(LCPC)
Answered on 05/14/2022

How do I beat panic attacks naturally

Hi Kitty, I'm sorry you're having such a rough experience with your new job. Panic attacks are actually pretty common. One positive here is that, based on your message, they seem to be situational. This makes them much easier to address than if they were occurring randomly. The key though is to determine what may be triggering them. There's certainly not enough information in your message to determine what key issues are present here. I'll guess and say that maybe there is some trauma history behind the panic attacks, or maybe they're occurring because of anxiety associated with performing the job duties competently. While I can't give targeted recommendations based on your message, here are some general recommendations: The best natural remedy for panic attacks (when they're occurring or about to occur) is breathing. When you have a panic attack your blood pressure and your heart rate become elevated. Through breathing in and out with long breaths (it's recommended that you breathe out for two seconds longer than you breathe in, so for example, five seconds in and seven seconds out), you can increase the oxygen that goes to your brain, reducing your blood pressure and heart rate. You may notice a bit of lightheadedness, and you'll have to find what works for you. While it may not be feasible during a flight, paced breathing is another great technique. With this you will need to watch a clock. There are other great coping skills, and if they're not that effective, consider using more than one at once (such as counting backwards while doing deep breathing, or muscle relaxation while counting backwards). Grounding techniques may be very effective if you're having intrusive thoughts. There are numerous grounding techniques, but they can include counting the tiles on a wall, noticing the corners of the room (or plane), paying attention to how it feels when your feet touch the ground, looking for everything of a certain color in the room (or plane), etc. The purpose is to orient yourself with the present. Dealing with the underlying issues, whatever they are, is key. If trauma is the cause, there are excellent treatments for trauma, and I highly recommend EMDR treatment. CBT treatment can also be effective with trauma, and it can help with other causes of anxiety. I highly recommend you give therapy a try.  Take a look at your lifestyle and whether there are certain behaviors that may be contributing. For example, not getting enough sleep could increase your risk of having panic attacks. Consuming caffeine could do the same. You may find it helpful to exercise and to talk about your anxious thoughts on a regular basis as preventative measures.] Challenging thoughts that cause you to feel anxious can help. I don't know what those thoughts are, but if you can identify them (therapy can help with that), you can use counter thoughts and positive self-talk statements to change the way you think. When you change the way you think, you change the way you feel and the way you behave.    These are just a few ideas, and again, without more information it's hard to know exactly what's going on. I would be happy to work with you, and whether you choose to receive therapy on BetterHelp or elsewhere, I do encourage you to give mental health treatment a try. Take care, Nick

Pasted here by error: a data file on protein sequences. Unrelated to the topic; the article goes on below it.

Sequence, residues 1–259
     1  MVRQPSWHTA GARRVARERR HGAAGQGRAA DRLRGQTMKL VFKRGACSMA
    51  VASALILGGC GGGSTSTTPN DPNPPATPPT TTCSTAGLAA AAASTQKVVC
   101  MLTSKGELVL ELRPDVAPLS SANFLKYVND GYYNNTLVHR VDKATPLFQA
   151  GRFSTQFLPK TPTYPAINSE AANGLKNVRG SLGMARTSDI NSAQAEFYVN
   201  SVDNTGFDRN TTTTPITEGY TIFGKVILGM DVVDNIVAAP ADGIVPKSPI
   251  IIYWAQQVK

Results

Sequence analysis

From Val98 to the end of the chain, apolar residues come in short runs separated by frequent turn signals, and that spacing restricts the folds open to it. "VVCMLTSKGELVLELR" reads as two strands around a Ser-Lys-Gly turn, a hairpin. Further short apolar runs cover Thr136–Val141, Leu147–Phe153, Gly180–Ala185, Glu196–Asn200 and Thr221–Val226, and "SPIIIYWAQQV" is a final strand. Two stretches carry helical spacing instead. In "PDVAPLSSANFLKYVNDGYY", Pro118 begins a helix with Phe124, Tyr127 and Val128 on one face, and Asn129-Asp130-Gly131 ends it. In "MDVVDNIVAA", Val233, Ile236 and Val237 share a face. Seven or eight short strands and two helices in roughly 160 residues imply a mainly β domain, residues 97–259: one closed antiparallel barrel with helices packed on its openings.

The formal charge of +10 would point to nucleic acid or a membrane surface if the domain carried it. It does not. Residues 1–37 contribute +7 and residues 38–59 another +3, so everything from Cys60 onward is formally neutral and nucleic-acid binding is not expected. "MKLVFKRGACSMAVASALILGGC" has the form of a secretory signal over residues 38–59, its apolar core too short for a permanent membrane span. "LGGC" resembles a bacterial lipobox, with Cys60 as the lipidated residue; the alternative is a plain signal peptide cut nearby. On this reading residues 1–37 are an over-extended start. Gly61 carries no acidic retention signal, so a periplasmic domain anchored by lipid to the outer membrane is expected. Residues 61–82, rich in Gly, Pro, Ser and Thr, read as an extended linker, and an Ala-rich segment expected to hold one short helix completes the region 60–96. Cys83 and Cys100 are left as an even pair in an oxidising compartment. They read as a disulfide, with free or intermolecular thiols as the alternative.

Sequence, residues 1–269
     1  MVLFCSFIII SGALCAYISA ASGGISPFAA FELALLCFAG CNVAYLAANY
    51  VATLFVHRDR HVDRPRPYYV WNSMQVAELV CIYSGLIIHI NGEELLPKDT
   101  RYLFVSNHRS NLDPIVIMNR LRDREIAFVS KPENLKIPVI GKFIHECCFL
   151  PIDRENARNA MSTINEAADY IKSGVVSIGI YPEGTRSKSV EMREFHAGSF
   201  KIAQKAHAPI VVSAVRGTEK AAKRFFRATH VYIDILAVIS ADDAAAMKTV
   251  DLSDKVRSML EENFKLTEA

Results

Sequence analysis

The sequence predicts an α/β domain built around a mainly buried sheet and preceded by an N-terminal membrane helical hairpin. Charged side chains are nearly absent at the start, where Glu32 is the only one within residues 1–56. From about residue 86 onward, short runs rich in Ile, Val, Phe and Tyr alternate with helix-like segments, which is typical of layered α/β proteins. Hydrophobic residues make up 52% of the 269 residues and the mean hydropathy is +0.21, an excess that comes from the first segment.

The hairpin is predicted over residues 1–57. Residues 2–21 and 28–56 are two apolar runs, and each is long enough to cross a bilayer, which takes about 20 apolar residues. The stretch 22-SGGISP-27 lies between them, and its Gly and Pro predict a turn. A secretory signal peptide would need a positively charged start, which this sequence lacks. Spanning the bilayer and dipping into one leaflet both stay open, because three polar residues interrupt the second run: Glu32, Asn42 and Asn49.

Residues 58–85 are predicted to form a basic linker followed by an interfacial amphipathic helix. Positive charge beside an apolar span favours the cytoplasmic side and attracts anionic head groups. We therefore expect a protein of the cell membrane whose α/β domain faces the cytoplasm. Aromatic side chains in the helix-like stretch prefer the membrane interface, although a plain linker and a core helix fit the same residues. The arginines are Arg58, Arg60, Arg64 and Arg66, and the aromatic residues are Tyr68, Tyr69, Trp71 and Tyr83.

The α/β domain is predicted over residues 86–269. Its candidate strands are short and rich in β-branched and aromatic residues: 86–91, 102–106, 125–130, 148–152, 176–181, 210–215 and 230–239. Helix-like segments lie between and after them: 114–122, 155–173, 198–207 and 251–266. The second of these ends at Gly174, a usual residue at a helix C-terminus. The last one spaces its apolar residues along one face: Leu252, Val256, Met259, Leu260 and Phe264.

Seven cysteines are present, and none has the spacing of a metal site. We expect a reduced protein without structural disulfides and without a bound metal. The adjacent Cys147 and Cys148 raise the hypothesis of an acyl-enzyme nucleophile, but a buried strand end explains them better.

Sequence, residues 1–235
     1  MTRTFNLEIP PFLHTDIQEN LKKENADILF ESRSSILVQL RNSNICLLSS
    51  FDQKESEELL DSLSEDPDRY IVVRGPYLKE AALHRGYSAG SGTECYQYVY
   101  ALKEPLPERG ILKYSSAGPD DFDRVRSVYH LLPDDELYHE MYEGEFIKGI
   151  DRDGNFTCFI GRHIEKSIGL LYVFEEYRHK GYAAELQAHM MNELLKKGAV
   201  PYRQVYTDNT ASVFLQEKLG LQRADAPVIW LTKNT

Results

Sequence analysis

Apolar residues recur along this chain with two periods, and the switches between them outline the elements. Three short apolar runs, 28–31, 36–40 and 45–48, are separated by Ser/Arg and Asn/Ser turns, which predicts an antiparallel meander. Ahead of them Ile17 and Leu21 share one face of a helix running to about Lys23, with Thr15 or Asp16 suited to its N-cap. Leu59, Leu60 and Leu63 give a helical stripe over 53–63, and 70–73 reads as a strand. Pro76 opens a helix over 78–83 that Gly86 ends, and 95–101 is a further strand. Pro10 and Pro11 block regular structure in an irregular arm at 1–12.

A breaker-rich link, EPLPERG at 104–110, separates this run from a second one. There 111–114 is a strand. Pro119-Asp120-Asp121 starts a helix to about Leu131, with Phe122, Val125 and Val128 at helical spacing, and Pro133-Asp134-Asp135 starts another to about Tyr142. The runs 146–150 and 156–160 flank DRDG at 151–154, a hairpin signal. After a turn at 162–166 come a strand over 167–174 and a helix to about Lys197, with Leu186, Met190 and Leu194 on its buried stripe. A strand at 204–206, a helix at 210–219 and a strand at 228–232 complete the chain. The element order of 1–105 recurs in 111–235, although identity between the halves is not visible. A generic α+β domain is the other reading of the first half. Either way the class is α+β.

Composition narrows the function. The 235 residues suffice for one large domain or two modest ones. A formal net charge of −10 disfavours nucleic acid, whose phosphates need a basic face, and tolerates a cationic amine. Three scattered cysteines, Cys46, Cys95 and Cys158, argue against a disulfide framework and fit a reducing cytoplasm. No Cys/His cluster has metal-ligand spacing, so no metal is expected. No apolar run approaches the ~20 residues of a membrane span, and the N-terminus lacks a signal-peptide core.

(MRC, LPCC-S, LICDC)
Answered on 05/11/2022

Need coping mechanism for anxiety and depression.

Hello, I am so sorry you were baited into a job opportunity that ended up not being so great. It sounds like this work environment is toxic. Usually, before I recommend someone leaving a job, I like to see if there is a possibility of setting boundaries at work, and if so, how much stress that would alleviate. However, noticing unethical behavior and being unsupported sounds like it may be time to start looking elsewhere. So, next I wanted to validate that it is absolutely okay to do what is in your best interest and if that is to find employment else where then so be it!  So, if this is the case, then let's talk about tips on other opportunities: What are your life values? And how can your career support this? Going into an interview is the perfect time to already set those boundaries (by stating your values and your boundaries from the get go) and also this is an opportunity for you to interview them and see if the job is a right fit for you. Now, I know in this case you were "catfished" it seems, so that is unfair. Let's call this experience the exception to the case. You can also professionally explain your recent experience to your new prospect and use that as a point of reference for checking in with whoever is interviewing you to make sure this is a healthy environment, cares about its employees, respectful of boundaries, time off, and ethics.  All of that being said, I want you to know it is okay if this opportunity wasn't what you expected. It is okay to grieve the loss of what you expected. And, furthermore, it is okay to know and trust that a perfect opportunity for you is out there, one that will fit your needs and desires and one that is a healthy environment to work in!  I am also sorry to hear that you are coping with the loss of several family members in your life to cancer. This can be so hard and I hope you take the time or have had the time to properly grieve. If you feel you are having PTSD from this experience or having a hard time coping, I recommend talking to a counselor! It is a wonderful experience to have space that is held specifically for you to process your emotions, grief, anger, and whatever else you may be feeling.  I am happy to hear "life is good!" I hope you find a healthy work situation, as work takes up a big chunk of our life and you deserve the opportunity of your dreams! And I hope you find healthy ways to cope with the grief of losing loved ones. BetterHelp is a wonderful platform for support quickly if you need it! Best of luck.